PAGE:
I can answer that, as I actually live in the town in question. The first part of this equation is that religion is indoctrinated early, and the Bible is taught as a 100% literal account of history. Southern Baptist is the dominant denomination, and it is taught from a “do this or you’re going to hell” standpoint. To question the origins of the Bible, to consider evolution even in conjunction with the Bible principles falls under “… or you’re going to hell”. It’s fear used to control, even so much as influencing who you vote for (hence the permanent status of red state). The second part is that there always has to be someone to blame for the state of the world, and it’s mixed with a nostalgia for bygone eras. Hence, the reason for constantly trying to get prayer back in school. It’s out of a spirit of trying to improve society at a young age. 

      This being said, I know some folks who are supporting this. They’re big-hearted, kind people who believe they are supporting students’ freedom of speech, and they’re applauding the kids standing up for what they believe in. I just don’t happen to agree with majority ramming their beliefs down anyone else’s throat. There is a reason for separation of church and state. Schools are purposed for learning facts, principles, and putting them into practice. Religion is your particular belief system for explaining the purpose of life, or the ‘why’ rather than the ‘how’. It’s not, by definition, a fact, so it has no place in education. It does, however, have a place in everyday life and how individuals conduct themselves. Being religious and attending school are not mutually exclusive. You can pray any time, anywhere. You can donate to charity any time. You can choose to not smoke, drink, or have premarital sex (though hardly anyone adheres to that). The one thing no one else seems to derive from the Bible is that you don’t do any of these things while trying to draw a bunch of attention to yourself, as the Pharisees did. You just do it.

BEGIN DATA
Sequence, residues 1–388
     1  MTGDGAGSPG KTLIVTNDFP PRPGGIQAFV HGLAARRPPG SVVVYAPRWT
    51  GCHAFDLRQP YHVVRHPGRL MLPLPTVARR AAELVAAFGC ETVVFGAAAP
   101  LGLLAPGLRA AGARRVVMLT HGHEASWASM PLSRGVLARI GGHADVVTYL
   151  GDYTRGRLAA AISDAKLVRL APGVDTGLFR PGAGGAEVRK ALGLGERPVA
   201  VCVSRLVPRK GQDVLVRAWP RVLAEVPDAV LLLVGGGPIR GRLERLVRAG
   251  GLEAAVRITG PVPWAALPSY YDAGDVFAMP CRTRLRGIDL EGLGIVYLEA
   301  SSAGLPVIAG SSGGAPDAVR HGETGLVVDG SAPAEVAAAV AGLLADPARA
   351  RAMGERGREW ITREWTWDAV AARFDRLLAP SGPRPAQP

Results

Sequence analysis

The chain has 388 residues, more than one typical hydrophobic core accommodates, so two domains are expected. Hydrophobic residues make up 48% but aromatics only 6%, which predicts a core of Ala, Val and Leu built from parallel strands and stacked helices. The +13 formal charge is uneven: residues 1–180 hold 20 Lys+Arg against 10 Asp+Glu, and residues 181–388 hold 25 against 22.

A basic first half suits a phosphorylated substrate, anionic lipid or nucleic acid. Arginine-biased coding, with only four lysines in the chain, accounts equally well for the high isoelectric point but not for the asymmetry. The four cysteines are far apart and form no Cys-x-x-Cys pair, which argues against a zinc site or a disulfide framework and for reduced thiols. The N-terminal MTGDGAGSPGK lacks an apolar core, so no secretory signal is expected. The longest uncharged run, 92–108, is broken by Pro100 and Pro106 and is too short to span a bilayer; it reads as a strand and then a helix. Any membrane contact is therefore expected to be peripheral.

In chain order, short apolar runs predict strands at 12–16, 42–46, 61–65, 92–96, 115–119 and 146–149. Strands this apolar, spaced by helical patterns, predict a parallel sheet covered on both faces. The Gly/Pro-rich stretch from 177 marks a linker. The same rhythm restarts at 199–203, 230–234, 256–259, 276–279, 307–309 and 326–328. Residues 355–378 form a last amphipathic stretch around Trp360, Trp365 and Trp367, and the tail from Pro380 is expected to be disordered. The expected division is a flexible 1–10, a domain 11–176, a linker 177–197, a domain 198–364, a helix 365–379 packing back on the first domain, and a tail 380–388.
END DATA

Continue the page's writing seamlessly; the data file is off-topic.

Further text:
• Aaron

    It doesn’t matter. It’s going to be declared unconstitutional next summer and all will be right with the world.

    At least, this will be.

  • Pureone

    All those banners seem to have more interest in quoting Paul than quoting Jesus. I guess they didn’t think he had anything banner-worthy to say.

    • Birdie1986

      Or, maybe Paul was more into football than Jesus.

  • ZenDruid

    I would very much like to see John 11:35 on  one of those silly banners.

  • A Person with Common Sense

    The students did this on their own… not the school. And last I saw, there was no one forcing every football player to run through the banner. I did not see anyone forcing someone to bow or to even stop what he or she was doing during the prayer. I should know… I am a senior who goes to Marbury High School, and never once have I been force to do anything religious.